The Other Side of the Culture War
The Other Side of the Culture War

Who is fighting the culture wars? Sociologists George Yancey and David A. Williamson have attempted to answer an important, but perhaps overlooked part of that question in What Motivates Cultural Progressives? Understanding Opposition to the Political and Christian Right (Baylor University Press). The book explores the characteristics, attitudes, and motivations of those people on the liberal side of the culture wars, whom they term "cultural progressives"—a group they say has received relatively little study. Bradley Wright, a sociologist at the University of Connecticut, spoke with George Yancey about what the authors found and why it matters.

What was your reason for writing this book?

I've read a lot about the cultural wars—both in the mainstream press and in scholarly research—but most of it focuses on only one side of the debate, usually the Christian Right. But I was curious: Who are the Christian Right fighting and why don't we understand their opponents better? The study reported in this book gives a more complete understanding of the culture war by highlighting cultural progressives.

How did you do your study?

We contacted several culturally progressive organizations who had it in their mission statements that they oppose the Christian Right. We contacted them and asked for permission to survey their members, which they kindly granted. We gave each organization a survey to distribute to their members and when all was said and done, we collected short-answer data from about 2,500 cultural progressives.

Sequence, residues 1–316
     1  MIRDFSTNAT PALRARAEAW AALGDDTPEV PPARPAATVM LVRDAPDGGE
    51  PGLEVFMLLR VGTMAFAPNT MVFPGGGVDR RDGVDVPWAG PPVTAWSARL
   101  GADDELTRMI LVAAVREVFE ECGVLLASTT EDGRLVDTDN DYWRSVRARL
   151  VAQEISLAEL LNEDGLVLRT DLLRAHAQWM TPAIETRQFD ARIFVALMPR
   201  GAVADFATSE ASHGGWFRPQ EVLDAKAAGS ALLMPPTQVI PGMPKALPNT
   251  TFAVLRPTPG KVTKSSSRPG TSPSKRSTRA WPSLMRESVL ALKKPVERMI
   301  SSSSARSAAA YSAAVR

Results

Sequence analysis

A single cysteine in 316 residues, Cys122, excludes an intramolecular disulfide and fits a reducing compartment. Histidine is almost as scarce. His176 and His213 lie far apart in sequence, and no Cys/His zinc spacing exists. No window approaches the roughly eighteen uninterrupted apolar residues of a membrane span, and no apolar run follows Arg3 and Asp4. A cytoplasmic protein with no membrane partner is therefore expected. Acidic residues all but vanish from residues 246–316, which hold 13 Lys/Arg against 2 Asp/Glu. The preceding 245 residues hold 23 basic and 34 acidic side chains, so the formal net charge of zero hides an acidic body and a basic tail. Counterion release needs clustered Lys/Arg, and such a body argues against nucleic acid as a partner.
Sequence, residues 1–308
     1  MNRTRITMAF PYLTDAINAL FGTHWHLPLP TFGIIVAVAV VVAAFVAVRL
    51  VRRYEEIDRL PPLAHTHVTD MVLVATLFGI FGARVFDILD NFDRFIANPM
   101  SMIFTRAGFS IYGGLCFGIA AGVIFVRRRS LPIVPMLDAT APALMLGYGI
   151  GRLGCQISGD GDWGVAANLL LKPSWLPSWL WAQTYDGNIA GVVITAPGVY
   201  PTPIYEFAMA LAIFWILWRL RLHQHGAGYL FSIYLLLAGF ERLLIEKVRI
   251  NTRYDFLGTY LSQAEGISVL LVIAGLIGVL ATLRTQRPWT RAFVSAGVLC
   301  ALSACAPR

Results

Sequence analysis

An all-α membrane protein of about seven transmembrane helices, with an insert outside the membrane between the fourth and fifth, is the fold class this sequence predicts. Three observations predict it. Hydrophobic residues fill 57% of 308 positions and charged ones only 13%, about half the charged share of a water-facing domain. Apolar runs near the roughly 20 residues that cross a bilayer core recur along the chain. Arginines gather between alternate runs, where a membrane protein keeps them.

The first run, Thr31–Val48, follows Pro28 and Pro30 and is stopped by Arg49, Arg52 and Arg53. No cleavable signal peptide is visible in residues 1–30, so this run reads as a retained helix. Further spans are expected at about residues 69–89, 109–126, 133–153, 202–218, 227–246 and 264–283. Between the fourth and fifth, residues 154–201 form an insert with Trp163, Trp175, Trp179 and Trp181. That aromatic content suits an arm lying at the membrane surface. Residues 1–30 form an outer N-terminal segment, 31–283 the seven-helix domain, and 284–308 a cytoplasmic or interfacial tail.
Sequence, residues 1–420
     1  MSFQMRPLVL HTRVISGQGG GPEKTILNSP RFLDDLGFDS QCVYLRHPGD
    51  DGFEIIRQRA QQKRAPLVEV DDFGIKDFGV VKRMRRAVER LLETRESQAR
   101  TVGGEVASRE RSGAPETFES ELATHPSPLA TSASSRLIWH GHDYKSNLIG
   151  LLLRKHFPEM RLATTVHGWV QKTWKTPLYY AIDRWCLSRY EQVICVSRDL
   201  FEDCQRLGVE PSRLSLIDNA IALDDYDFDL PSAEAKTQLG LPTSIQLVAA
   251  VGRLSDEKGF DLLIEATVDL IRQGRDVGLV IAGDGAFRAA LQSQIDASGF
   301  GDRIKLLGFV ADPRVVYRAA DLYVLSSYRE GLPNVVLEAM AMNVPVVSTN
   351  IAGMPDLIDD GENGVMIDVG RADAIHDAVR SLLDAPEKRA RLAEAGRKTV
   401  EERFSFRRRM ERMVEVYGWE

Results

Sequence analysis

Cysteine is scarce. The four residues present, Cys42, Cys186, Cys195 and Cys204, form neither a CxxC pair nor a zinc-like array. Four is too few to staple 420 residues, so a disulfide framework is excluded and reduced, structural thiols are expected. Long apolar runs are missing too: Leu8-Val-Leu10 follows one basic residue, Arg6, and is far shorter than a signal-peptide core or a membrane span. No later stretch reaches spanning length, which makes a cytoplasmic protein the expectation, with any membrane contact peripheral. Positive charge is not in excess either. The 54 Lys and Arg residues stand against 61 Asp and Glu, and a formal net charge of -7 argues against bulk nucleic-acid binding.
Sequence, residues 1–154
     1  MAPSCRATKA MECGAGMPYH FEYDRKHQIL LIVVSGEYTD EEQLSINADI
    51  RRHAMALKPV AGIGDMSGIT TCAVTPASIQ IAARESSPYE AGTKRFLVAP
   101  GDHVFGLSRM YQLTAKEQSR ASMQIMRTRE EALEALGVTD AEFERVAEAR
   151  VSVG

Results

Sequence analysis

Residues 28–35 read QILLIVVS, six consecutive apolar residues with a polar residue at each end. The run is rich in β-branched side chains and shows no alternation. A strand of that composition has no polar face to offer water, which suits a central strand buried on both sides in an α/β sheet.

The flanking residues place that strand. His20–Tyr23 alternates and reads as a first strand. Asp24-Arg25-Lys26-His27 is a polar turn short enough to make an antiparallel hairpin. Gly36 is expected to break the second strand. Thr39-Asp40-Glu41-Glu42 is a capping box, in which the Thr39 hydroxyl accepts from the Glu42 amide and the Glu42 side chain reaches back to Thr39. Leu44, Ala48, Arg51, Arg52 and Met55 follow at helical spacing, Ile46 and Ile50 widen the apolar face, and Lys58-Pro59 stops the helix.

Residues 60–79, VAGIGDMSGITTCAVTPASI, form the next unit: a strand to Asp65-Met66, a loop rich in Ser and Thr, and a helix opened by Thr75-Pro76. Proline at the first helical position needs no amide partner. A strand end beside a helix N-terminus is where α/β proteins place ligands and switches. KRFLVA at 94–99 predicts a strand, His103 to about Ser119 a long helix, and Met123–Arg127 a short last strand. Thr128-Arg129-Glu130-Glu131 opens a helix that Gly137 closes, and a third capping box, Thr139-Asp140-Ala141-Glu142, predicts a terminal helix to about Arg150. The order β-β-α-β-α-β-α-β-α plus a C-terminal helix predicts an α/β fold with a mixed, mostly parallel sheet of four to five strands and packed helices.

It was important for us to let these people speak for themselves, so we read through what they wrote several times, and we chose a number of quotations that illustrate the themes that ...

Subscriber access only You have reached the end of this Article Preview

To continue reading, subscribe now. Subscribers have full digital access.

May
Subscribe to CT and get one year free.
Read These Next
Current IssueWhy the Church Needs the Infertile Couple
Why the Church Needs the Infertile Couple Subscriber Access Only
We're missing a broader scope of familial love.
RecommendedAdultery in 2017: Christians Rank What Counts as Cheating
Adultery in 2017: Christians Rank What Counts as Cheating
Survey finds evangelicals are more accepting of politicians' unfaithfulness, but disapprove of flirty texting.
TrendingForgiveness: Muslims Moved as Coptic Christians Do the Unimaginable
Forgiveness: Muslims Moved as Coptic Christians Do the Unimaginable
Amid ISIS attacks, faithful response inspires Egyptian society.
Editor's PickWho's In Charge of the Christian Blogosphere?
Who's In Charge of the Christian Blogosphere?
The age of the Internet has birthed a crisis of authority, especially for women.
What Motivates Cultural Progressives?: Understanding Opposition to the Political and Christian Right
Christianity Today
The Other Side of the Culture War
hide thisAccess The Archives

In the Archives

October 2012

To continue reading, subscribe now for full print and digital access.